Design is relevant to every one, all day, every day.
Irrespective of where you live and what you do, design is relevant. Everything is design, in some way or another. Let me just list what I encounter daily:
- Android/Apple system on my phones
- OS X Yosemite on the MacBook
- the electronic Passe Navigo to take the metro
- the Metro's Art Nouveau signage
- the city's grid, conceived by Haussmann at the request of Napoleon III between 1853 and 1870
- the design of my shoes, my jeans, my shirt, my bag, even my underwear or my bedding
- my building's design, and all of the buildings that I encounter on the daily passage through the city
- packaging design for food items
- restaurant and other signage
- advertising all over the city
- graffiti on city walls
It might not all be good or efficient design, but irrespective of who you are, your world is surrounded by design. Even the uncontacted tribes of the Brazilian rainforest employ design in the way they construct their huts or make a bow and arrow.
The assumption that design-thinking is not relevant is ludicrous, and insulting. Just looking at Instagram accounts such as @trevor_stuurman, @yetudada, @yoliswa_xo or @iseeadifferentyou prove that at least in the middle-class there is a definitive design and style consciousness and a willingness to play around with possibilities. Add to that websites like Superbalist, The Pretty Blog, She Said, Lucky Pony and Skinny Laminx's fabric design, and you'll see an interest in design permeating every social and digital medium.
Sure, most of the population does not have the same awareness of design influences in their lives because they have not been educated on it or possess the vocabulary to express it, but I would argue that it is a design-consciousness that is missing, not the relevance of the concept itself. Whether you buy Iwisa maize meal or Pick 'n Pay's no name brand already involves a design choice (if one omits a price and taste difference, but if I recall correctly Iwisa may have even been cheaper than No Name?).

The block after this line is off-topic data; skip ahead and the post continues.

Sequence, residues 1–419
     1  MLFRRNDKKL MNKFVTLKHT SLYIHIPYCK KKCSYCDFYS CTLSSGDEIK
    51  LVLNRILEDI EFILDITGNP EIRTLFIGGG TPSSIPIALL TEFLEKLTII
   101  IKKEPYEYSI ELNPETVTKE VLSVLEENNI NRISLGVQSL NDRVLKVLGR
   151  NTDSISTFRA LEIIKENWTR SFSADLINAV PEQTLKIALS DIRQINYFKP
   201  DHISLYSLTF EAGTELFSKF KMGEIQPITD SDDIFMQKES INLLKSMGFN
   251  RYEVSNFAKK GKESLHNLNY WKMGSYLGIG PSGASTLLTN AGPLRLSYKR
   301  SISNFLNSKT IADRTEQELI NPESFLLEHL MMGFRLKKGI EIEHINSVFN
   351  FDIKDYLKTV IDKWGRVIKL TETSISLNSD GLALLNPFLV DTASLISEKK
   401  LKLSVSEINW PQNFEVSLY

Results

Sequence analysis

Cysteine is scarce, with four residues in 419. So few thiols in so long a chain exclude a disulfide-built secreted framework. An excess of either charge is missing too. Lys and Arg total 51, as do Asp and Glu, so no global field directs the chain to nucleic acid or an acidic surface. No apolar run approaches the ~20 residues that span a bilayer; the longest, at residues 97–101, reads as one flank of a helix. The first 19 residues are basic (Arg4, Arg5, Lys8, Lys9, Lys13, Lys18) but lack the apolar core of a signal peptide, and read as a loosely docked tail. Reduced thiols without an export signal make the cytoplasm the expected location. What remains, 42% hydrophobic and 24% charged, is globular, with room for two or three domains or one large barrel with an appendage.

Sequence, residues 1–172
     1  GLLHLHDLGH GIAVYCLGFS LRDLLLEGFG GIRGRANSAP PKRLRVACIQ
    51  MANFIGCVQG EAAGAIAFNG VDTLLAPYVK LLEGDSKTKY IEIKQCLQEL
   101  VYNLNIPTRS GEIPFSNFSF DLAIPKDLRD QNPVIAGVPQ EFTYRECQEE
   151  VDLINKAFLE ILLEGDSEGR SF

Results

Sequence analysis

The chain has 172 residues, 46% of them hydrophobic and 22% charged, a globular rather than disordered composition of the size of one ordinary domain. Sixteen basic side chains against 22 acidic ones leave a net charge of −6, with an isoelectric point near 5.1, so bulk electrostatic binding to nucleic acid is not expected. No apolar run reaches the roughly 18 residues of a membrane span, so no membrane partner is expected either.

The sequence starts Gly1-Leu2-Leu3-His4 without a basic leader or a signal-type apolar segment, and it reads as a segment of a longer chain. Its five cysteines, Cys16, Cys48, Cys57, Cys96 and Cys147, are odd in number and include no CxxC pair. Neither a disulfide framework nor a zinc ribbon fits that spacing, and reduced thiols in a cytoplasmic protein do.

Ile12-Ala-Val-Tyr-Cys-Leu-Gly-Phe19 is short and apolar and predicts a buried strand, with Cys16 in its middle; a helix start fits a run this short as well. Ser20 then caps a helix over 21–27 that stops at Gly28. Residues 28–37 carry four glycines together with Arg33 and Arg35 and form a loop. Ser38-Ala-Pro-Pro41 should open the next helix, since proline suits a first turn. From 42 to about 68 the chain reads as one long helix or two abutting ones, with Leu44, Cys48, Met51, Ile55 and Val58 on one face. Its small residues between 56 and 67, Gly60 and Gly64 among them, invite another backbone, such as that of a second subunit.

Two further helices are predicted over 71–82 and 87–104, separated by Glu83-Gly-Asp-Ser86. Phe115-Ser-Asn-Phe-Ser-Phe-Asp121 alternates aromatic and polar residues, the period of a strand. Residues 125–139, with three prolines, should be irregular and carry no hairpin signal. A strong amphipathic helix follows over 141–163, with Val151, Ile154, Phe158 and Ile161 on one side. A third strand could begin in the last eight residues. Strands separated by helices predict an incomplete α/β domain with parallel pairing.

If you live in an RDP house, you are confronted with a failure in design and city planning that has far-reaching consequences. In Anton Harber's book Diepsloot, the author asks a worker in city planning why the RDP housing consist of single plots of land with tiny houses on them (think a very low-budget version of the opening sequence of Weeds) that stretch over kilometres when it would have been more effective in terms of electricity and water access, as well as use of space, to build high-rise housing? Her answer was that initially the RDP houses, as they are, are cheaper and quicker to build, and that apartment buildings would be more affordable over the long run, but would not keep in line with the promise made by the ANC in 1994 to provide 'housing for everyone' since culturally the expectation is of a piece of land of one's own.
|Housing outside Johannesburg|
|Housing on the Western outskirts of Pretoria.|
|Housing in the middle of nowhere, I think in the Western Cape.|
However, the way the RDP houses are constructed are a secondary form of Apartheid homelands: still far out of the cities, still stretching over vast spaces, still far from jobs, still somewhat of an upgraded township. If one drives along the N1 from Johannesburg to Cape Town, these settlements spring up in the middle of nowhere all over the country. If where you live is so far away from where you work and there is no efficient transportation system in place, how are you supposed to get there? I find them to be depressing places where what housing could be has been corrupted by the desire of the government to pad the statistics. But statistics are worthless when the design that went into the original concept is more harmful than efficient (e.g. this infographic on suburban development costing almost three times as much as urban development does).
I am no designer. I crop things in MS Paint. I download templates and adjust them because I wouldn't know which design programs to use or how to use them. But I have kind of being studying how to look at things and humans and culture for years, and sat through numerous classes on design alchemy, so I am not entirely ignorant on the topic. And as I said, design is relevant to every one, all day, every day.
(Stefan Sagmeister and Jessica Walsh also offer a great Q&A on their website, or check out Sagmeister's TED Talk on designing happiness).